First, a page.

Well, if you really need that, contact me with your requirements and I'll see what I can come up with :
    tom<dot>geudens<at>hush<dot>ai
    practical<dot>netkernel<at>gmail<dot>com


2016/11/04

six one one

Today sees the release of NetKernel 6.1.1. For those of you who know what NetKernel is, this is a good time to revisit it, for those of you who don't know ... this is an excellent time to check it out !

Did you know ... 
  • That NetKernel is not just another Java Framework ?
    Follow the above link to find out what NetKernel is !
  • That NetKernel is not just another application server ?
    Follow the above link
    find out what NetKernel is !
  • That NetKernel is a great choice for RDF (and Open Data in general) processing and publishing ? There are several existing implementations already and several more in the works !
  • That you can find some of my working examples on Github ?

2014/11/08

ten

When writing you occasionally make bold statements. Rarely does somebody call my bluff. But somebody did and therefore I have to show you ten significantly different hello world examples.

One
<literal type="string" uri="res:/tomgeudens/helloworld-literal">Hello World</literal>

As I've said before, we should have that one in the list of Hello World programs.

Two
<accessor>
    <id>tomgeudens:helloworld:java:accessor</id>
    <class>org.tomgeudens.helloworld.HelloWorldAccessor</class>
    <grammar>res:/tomgeudens/helloworld-java</grammar>
</accessor>


For the code itself I refer to earlier blogposts.

Three
<accessor>
    <id>tomgeudens:helloworld:groovy:accessor</id>
    <prototype>GroovyPrototype</prototype>
    <script>res:/resources/groovy/helloworld.groovy</script>
    <grammar>res:/tomgeudens/helloworld-groovy</grammar>

</accessor>

Which requires the script and the language import
<literal type="string" uri="res:/resources/groovy/helloworld.groovy">
    context.createResponseFrom("Hello World");
</literal>


<import>
    <!-- contains GroovyPrototype -->
    <uri>urn:org:netkernel:lang:groovy</uri>
</import>


Four
<mapper>
    <config>
        <endpoint>
            <grammar>res:/tomgeudens/helloworld-data</grammar>
            <request>
                <identifier>data:text/plain,Hello World</identifier>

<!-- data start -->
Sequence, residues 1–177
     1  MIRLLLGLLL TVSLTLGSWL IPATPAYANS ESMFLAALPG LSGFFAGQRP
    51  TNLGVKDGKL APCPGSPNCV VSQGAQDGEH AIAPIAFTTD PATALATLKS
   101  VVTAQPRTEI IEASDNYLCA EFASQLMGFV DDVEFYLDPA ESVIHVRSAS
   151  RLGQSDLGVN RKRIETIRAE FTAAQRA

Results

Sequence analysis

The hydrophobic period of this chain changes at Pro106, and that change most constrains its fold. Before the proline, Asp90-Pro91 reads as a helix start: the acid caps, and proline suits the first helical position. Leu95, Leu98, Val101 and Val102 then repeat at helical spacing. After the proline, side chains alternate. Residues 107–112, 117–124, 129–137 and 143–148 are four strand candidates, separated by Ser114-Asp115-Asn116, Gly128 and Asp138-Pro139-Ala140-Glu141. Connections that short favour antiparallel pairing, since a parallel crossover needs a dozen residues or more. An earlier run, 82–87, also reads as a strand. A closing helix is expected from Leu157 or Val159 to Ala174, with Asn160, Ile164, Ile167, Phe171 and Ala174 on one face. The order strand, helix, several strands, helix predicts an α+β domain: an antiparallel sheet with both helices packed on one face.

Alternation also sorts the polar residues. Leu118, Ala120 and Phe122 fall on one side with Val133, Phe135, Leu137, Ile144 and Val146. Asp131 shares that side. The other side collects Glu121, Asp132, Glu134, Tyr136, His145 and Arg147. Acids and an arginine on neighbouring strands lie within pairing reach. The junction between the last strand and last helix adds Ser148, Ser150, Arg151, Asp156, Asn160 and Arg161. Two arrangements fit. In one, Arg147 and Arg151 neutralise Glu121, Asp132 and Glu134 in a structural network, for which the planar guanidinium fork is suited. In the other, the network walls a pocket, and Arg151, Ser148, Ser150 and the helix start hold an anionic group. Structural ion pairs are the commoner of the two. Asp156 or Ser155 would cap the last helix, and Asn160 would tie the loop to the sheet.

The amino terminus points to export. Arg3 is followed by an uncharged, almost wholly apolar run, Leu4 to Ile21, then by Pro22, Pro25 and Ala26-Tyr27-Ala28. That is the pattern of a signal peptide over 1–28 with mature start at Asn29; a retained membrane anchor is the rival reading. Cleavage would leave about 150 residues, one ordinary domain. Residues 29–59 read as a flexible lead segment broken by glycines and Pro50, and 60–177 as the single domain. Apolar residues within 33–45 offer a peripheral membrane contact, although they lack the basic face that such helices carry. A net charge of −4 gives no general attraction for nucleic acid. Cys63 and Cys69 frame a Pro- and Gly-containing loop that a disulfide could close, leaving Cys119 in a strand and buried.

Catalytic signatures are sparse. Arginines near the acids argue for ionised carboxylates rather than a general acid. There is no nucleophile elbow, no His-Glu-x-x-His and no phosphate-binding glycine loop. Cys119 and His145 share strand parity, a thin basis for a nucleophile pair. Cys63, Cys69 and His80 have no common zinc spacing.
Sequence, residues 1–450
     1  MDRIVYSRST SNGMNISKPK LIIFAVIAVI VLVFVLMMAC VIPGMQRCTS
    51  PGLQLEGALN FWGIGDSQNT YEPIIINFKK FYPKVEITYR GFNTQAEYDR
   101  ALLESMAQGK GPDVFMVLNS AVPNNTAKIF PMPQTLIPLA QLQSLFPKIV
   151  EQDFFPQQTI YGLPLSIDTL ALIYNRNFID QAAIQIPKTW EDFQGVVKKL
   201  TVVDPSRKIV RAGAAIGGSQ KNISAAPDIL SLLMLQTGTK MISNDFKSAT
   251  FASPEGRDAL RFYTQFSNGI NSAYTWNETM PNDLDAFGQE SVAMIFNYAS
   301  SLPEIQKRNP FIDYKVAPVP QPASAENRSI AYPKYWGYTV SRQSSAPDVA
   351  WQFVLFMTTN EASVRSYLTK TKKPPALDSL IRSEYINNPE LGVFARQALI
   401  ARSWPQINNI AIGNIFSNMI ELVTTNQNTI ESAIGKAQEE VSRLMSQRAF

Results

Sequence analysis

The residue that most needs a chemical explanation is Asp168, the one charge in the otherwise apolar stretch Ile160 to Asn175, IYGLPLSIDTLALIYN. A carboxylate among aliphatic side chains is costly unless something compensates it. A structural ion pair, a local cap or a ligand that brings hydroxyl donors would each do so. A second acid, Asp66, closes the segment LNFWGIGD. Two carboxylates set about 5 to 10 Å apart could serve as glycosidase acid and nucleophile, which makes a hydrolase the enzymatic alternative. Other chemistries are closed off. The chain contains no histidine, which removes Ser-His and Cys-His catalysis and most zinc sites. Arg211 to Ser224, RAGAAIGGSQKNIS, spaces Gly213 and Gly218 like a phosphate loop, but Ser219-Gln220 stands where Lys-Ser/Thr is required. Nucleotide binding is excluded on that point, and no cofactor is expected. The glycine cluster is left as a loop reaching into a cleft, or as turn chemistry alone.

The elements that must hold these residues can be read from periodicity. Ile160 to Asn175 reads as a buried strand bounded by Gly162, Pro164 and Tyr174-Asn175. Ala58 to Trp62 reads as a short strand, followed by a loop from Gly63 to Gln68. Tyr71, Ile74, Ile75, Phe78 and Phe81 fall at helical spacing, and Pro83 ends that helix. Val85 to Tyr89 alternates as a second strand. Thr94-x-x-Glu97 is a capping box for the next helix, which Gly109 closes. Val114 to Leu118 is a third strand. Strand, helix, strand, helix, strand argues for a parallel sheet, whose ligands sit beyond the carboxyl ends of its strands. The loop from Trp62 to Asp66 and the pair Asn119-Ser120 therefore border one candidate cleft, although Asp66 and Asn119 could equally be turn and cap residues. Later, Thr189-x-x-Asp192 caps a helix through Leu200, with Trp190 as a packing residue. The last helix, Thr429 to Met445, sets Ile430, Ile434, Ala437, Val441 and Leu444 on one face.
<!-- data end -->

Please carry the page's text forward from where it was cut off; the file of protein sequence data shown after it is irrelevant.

</request>
        </endpoint>
    </config>
    <space>

        <import>
            <!-- contains data:/ scheme -->
            <uri>urn:org:netkernel:ext:layer1</uri>
        </import>

    </space>
</mapper>


Five
<mapper>
    <config>
        <endpoint>
            <grammar>res:/tomgeudens/helloworld-file</grammar>
            <request>
                <identifier>file:/c:/temp/helloworld.txt</identifier>
            </request>
        </endpoint>
    </config>
    <space>

        <import>
            <!-- contains file:/ scheme -->
            <uri>urn:org:netkernel:ext:layer1</uri>
        </import> 

    </space>
</mapper>


Of course you need to replace the identifier with an existing file of your own.

Six
<mapper>
    <config>
        <endpoint>
            <grammar>res:/tomgeudens/helloworld-fileset</grammar>
            <request>
                <identifier>res:/resources/txt/helloworld.txt</identifier>
            </request>
        </endpoint>
    </config>
    <space>

        <fileset>
            <regex>res:/resources/txt/.*</regex>
        </fileset>

    </space>
</mapper>


Seven
<mapper>
    <config>
        <endpoint>
            <grammar>res:/tomgeudens/helloworld-freemarker</grammar>
            <request>
                <identifier>active:freemarker</identifier>
                <argument name="operator">data:text/plain,${one} ${two}</argument>
                <argument name="one">data:text/plain,Hello</argument>
                <argument name="two">data:text/plain,World</argument>
            </request>
        </endpoint>
    </config>
    <space>

        <import>
            <!-- contains active:freemarker -->
            <uri>urn:org:netkernel:lang:freemarker</uri>
        </import>
 

        <import>
            <!-- contains data:/ scheme -->
            <uri>urn:org:netkernel:ext:layer1</uri>
        </import> 

    </space>
</mapper>


Eight
<mapper>
    <config>
        <endpoint>
            <grammar>res:/tomgeudens/helloworld-http</grammar>
            <request>
                <identifier>http://localhost:8080/tomgeudens/helloworld-literal</identifier>
            </request>
        </endpoint>
    </config>
    <space>

        <import>
            <!-- contains http:/ scheme -->
            <uri>urn:org:netkernel:client:http</uri>
        </import>

    </space>
</mapper>


Which requires that the first example is exposed on the frontend fulcrum.